If you weren’t concentrating you could be forgiven for thinking Revolution School was Summer Heights High.
The drone shots flying over Kambrya College are reminiscent of Chris Lilley’s opening credits, there’s a troubled female who causes class disruption and a drama teacher the narrator tells us is the school’s very own Mr. G.
But Revolution School is no mockumentary. It’s a 4 part documentary filmed for 12 months at a public high school in Berwick, outer south east Melbourne. After finishing in the bottom 10% of schools in Victoria on Year 12 results, principal Michael Muscat decides it’s time for radical change. He turns to Melbourne University Graduate School of Education for help and producers Cordell Jigsaw Zapruder take us along for the ride.
The series uses both fixed rig and roving cameras, but unlike SBS series Kebab Kings, cameras are not hidden and consent isn’t justified with a small disclaimer at the doorway. With minors, teachers and parents all filmed this is clearly a community effort (a handful of faces are pixellated).
There are cameras in classroom, offices and exteriors showing both students and staff at work and play.
Melbourne Uni’s Professor John Hattie, who heads up a national study commissioned for the series, concludes that it isn’t class sizes, facilities, funding levels or testing regimes that improve grades, it’s the learning relationship between teacher and student. His methodology recommends learning targets and criteria for each class so that both student and teacher can track their achievement. A programme known as SEAL (Select Entry Accelerated Learning) is put in place for high achievers.
Amongst the students who are profiled is a personable 15 year old girl who attributes her disruption to bullying, and a 13 year old boy having home problems with parents -he will also have to answer questions about drug paraphernalia. There are also occasional quotes from other students as young as 12.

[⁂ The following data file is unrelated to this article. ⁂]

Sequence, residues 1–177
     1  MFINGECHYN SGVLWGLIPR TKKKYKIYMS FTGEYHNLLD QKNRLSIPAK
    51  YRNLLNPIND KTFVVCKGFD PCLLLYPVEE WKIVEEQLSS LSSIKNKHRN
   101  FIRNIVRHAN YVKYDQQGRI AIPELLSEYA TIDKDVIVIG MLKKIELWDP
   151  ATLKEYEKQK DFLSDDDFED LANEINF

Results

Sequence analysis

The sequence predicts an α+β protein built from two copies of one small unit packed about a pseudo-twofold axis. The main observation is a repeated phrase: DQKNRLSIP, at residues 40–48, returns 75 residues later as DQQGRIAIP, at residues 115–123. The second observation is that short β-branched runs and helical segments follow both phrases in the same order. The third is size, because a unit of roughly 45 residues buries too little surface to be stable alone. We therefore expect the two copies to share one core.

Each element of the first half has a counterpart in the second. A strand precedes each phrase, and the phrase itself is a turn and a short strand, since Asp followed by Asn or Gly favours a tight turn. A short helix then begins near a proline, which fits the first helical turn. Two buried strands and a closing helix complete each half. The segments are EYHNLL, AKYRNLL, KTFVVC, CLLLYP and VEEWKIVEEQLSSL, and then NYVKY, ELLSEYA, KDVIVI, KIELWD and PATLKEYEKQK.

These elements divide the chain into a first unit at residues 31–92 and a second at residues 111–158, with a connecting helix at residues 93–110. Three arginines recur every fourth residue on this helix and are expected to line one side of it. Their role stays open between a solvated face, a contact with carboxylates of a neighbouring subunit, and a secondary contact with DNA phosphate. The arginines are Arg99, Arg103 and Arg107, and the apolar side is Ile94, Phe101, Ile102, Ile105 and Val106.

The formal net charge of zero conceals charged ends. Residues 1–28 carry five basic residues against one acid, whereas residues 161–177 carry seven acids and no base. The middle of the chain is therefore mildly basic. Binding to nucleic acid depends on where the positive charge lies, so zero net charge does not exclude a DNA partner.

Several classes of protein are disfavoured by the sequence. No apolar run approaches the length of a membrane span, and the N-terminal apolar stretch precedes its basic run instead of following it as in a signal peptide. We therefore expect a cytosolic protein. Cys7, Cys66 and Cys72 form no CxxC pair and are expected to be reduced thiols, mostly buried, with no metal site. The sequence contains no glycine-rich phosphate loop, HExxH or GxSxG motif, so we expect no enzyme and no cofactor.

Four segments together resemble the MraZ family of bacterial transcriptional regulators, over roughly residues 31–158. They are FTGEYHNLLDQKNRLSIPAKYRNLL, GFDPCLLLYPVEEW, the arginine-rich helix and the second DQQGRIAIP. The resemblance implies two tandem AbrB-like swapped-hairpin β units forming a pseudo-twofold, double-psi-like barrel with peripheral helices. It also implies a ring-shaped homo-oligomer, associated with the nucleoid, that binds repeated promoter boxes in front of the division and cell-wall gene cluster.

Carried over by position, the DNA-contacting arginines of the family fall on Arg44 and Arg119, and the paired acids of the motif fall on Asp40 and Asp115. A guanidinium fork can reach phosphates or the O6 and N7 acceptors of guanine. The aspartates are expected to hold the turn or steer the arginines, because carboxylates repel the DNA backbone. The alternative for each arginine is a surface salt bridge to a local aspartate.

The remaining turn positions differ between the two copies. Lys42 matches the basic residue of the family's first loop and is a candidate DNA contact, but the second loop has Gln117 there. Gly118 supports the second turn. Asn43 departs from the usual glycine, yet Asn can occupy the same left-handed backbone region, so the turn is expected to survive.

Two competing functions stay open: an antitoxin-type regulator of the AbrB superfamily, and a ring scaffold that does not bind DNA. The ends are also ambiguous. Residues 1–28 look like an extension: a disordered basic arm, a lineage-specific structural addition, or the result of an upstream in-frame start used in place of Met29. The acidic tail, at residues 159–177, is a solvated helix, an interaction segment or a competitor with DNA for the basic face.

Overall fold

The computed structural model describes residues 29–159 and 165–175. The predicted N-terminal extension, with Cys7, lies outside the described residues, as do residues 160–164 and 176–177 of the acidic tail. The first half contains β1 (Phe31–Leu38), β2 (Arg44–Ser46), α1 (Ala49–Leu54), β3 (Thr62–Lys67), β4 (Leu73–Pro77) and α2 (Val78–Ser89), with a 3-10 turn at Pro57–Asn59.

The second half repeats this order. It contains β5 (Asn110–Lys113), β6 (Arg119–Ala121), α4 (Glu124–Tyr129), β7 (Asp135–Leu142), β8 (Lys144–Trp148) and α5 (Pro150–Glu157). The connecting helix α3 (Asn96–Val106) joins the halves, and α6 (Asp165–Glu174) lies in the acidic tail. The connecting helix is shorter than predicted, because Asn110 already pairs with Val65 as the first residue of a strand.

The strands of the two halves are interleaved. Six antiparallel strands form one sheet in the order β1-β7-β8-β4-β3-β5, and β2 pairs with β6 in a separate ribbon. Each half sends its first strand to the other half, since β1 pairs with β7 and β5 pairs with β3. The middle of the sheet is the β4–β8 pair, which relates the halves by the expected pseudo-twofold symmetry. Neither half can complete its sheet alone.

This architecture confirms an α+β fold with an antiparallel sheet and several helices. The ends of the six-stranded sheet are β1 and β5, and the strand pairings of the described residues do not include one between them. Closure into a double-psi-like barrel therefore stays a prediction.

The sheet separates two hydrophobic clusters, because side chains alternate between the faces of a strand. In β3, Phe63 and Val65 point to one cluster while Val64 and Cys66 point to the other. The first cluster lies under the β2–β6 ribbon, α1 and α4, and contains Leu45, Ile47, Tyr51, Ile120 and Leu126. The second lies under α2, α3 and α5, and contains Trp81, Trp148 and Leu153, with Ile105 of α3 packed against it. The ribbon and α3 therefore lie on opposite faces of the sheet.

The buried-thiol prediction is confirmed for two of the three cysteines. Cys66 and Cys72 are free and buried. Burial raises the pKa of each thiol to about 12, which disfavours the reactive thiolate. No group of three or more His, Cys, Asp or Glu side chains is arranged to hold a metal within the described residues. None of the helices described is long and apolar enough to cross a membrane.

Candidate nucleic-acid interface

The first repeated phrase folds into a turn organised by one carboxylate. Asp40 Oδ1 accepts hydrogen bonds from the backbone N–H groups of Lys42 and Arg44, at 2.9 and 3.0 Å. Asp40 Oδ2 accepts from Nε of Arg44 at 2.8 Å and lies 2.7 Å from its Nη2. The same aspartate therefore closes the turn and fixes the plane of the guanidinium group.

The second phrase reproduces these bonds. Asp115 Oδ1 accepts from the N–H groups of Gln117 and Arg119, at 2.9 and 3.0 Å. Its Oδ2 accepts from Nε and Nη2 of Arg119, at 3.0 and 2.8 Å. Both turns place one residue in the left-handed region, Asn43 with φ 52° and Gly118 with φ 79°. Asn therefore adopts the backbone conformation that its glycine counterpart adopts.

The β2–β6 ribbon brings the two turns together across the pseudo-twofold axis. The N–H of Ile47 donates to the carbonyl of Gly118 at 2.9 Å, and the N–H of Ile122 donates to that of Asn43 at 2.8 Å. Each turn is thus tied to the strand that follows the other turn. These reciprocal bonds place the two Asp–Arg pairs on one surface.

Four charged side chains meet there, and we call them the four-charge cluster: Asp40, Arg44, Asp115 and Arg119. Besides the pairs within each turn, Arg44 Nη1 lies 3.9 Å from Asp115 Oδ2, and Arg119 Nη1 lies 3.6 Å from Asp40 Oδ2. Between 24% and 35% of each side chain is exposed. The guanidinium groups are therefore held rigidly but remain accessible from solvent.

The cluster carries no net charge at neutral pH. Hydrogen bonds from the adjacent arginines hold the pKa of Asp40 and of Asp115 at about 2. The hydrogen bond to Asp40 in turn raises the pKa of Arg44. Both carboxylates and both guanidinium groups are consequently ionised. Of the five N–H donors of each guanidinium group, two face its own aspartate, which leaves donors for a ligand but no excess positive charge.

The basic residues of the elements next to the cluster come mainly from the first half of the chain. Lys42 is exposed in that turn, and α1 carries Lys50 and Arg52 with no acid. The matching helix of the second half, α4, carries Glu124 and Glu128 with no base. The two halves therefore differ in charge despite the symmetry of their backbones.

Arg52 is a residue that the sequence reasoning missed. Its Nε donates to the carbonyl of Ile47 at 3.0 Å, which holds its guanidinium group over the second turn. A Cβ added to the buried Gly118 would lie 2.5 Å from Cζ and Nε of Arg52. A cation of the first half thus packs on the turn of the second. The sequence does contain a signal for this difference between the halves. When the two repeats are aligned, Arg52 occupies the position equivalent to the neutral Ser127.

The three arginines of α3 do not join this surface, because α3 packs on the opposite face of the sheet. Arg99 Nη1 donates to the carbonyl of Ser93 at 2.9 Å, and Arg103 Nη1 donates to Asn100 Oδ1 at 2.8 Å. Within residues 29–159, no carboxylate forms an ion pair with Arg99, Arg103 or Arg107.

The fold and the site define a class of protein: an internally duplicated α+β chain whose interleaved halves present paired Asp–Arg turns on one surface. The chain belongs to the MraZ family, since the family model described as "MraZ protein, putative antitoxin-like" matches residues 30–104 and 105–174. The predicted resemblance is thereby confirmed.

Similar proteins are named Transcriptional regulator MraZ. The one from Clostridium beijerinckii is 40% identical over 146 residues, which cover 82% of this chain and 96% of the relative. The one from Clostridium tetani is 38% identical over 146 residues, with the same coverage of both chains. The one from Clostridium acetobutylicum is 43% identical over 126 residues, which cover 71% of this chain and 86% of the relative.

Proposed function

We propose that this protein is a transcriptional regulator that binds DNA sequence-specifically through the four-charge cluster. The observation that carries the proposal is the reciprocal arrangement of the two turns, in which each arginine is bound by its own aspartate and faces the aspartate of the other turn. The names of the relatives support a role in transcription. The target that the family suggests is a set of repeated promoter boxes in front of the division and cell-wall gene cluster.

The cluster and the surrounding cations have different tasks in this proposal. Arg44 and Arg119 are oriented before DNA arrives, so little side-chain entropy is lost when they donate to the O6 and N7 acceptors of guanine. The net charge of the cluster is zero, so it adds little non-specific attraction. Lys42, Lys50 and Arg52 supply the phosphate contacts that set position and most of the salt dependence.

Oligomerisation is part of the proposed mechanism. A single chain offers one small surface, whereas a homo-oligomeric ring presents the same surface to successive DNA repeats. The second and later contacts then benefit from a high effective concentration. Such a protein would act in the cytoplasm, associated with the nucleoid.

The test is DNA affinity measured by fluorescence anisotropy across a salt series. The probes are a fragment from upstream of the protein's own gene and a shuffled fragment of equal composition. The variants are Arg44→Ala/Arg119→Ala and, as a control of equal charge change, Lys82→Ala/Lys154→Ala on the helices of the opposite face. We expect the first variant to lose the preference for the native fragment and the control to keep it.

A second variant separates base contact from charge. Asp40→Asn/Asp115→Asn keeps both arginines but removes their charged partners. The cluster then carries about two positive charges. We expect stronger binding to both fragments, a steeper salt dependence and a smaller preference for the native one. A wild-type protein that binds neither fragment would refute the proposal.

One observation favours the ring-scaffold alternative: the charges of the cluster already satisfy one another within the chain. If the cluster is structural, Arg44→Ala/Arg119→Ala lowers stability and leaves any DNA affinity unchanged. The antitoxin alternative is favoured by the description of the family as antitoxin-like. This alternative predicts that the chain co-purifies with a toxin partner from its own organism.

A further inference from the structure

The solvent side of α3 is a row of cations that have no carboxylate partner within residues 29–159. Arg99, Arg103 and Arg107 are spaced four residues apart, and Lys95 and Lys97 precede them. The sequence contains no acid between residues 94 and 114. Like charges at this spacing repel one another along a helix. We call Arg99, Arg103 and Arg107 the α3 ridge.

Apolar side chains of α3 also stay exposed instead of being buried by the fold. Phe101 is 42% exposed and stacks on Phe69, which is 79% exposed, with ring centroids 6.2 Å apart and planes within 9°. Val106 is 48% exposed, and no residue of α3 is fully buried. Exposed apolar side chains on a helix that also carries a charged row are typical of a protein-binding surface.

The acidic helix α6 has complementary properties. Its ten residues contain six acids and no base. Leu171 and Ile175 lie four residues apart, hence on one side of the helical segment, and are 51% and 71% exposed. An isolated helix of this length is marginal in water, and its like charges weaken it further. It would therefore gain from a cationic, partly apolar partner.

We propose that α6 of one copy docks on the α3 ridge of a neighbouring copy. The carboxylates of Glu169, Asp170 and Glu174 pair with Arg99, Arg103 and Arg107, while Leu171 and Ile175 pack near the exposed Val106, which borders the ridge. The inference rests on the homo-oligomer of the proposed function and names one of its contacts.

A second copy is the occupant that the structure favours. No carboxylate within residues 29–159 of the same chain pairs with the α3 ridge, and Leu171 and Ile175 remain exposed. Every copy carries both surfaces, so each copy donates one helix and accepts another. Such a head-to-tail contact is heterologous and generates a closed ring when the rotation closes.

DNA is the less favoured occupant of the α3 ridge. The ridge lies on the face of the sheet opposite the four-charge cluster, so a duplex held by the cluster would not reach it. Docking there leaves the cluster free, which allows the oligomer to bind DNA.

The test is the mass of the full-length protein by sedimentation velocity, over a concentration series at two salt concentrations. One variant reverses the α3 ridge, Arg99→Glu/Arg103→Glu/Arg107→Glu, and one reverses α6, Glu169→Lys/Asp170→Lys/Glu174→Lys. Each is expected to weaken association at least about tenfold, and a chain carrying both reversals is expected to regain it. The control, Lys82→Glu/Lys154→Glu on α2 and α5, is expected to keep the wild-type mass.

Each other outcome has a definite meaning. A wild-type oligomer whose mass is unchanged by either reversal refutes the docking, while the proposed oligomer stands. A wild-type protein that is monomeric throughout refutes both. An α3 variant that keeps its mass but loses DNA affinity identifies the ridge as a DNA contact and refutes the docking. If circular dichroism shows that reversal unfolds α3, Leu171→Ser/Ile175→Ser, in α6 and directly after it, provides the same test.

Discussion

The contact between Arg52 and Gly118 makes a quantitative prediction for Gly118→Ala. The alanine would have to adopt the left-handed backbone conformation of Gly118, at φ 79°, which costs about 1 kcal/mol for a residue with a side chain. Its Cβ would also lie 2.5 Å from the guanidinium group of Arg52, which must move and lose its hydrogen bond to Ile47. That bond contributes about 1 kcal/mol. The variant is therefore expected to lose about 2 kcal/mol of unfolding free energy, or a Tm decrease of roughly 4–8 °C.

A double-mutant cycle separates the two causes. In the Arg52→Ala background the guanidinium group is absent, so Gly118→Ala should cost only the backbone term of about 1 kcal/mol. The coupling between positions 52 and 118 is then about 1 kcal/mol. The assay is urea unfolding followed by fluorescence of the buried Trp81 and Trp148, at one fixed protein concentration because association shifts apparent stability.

In addition to Principal Muscat, we meet Asst. Principal Jo Wastle, a former student who has risen through the local ranks. “I guess it would be fair to say I like to have control of the situation,” she tells us before ordering students to remove piercings and jewellery. Look out.
Other teachers include sub school leader Brett Wilson, English teacher Pete Wallis and first year teacher Grace Wong, whose biggest challenge is establishing order in her class. Maths teacher Cam Denham (pictured) -who also runs Drama- uses YouTube clips and headphones in class so that students can work at their own pace with technology they enjoy. Experts are also brought in to assess the teachers at work.
The challenge for the show is to distil its vast footage into storylines that work for television and on that front it has mixed success. Aside from setting lesson targets, I wasn’t always clear on the radical methodology (is everyone in SEAL or just some?). One teacher appeared to score his class behaviour at 5 minute intervals, based on his own review and the overall mood. There is also the question of how behaviour changes when cameras are present. Are kids playing up more? Are Assistant Principals more draconian? Probably.
As television we also need to connect with the characters and I suspect stronger casting would not have gone astray.
But clearly this is a project where hearts are in the right places and I’m sure there is a feelgood ending coming and presumably a lift in Kambrya’s grades. I hope none of the students find themselves the targets of social media nor tabloid headlines -they are minors after all.
Revolution School works effectively as a ‘day in the life of’ snapshot, but needs more compelling story arcs if it hopes to be more than a quiet revolution.
Revolution School premieres 8:30pm Tuesday on ABC.